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Best Answers: How can I build a time machine that can take me into the past and future?

Fae Fae | 5 days ago
Here is the best way I can answer your question, using a hypothetical situation, or a story. You and a friend are somehow able to create a wormhole linking you (in your spaceship or car or what ever you wanna imagine) and your friend (in their house or such). Now lets say that you in your super new fast car can travel almost at the speed of light and do enough loops around the earth for 50 years for a few months of yours to pass (special relativity). At this point you have two choices. Your friend can go through your wormhole into the "future" 50 years. Your second choice is for you to go back into the "past" although that past is relative to where you are now which is the future. As far as unrestricted travel that is a lot more complex.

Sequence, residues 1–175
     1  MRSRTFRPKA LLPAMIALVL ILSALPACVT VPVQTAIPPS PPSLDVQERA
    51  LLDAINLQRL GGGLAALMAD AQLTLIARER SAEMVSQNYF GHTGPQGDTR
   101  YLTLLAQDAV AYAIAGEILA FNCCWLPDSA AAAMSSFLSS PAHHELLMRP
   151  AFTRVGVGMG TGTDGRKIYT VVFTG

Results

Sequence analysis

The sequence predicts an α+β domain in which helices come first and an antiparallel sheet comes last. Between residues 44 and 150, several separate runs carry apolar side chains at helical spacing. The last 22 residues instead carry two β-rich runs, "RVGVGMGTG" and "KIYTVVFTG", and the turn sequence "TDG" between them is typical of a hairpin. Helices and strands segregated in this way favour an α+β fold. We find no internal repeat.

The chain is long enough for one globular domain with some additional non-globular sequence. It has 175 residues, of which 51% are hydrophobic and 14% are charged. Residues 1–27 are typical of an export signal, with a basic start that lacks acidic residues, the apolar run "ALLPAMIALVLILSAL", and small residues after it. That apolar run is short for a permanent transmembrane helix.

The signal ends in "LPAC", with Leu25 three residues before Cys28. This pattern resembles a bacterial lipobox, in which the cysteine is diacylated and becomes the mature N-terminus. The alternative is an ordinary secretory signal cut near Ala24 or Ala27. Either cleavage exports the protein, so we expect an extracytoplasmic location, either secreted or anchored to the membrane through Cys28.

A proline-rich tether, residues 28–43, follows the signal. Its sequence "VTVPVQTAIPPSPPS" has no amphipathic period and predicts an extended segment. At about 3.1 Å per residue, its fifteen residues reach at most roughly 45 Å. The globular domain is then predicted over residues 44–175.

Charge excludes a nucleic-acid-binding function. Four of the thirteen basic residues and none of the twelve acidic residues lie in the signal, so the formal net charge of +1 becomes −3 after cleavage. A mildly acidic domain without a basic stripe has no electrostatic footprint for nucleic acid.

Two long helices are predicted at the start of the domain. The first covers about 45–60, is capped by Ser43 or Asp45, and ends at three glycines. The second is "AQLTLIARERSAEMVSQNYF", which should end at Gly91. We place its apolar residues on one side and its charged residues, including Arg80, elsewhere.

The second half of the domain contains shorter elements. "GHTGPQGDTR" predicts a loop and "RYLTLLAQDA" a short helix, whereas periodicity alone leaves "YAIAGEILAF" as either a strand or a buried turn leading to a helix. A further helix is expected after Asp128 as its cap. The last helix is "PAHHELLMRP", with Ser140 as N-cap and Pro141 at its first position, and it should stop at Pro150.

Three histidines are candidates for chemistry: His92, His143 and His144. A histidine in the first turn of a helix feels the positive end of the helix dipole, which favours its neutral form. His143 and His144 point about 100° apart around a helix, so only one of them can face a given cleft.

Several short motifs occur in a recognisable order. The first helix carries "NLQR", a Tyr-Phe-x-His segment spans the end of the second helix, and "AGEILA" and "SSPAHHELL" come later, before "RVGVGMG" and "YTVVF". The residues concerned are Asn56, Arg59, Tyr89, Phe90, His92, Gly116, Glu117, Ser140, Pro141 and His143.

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Fae Originally Answered: Im trying to build a time machine?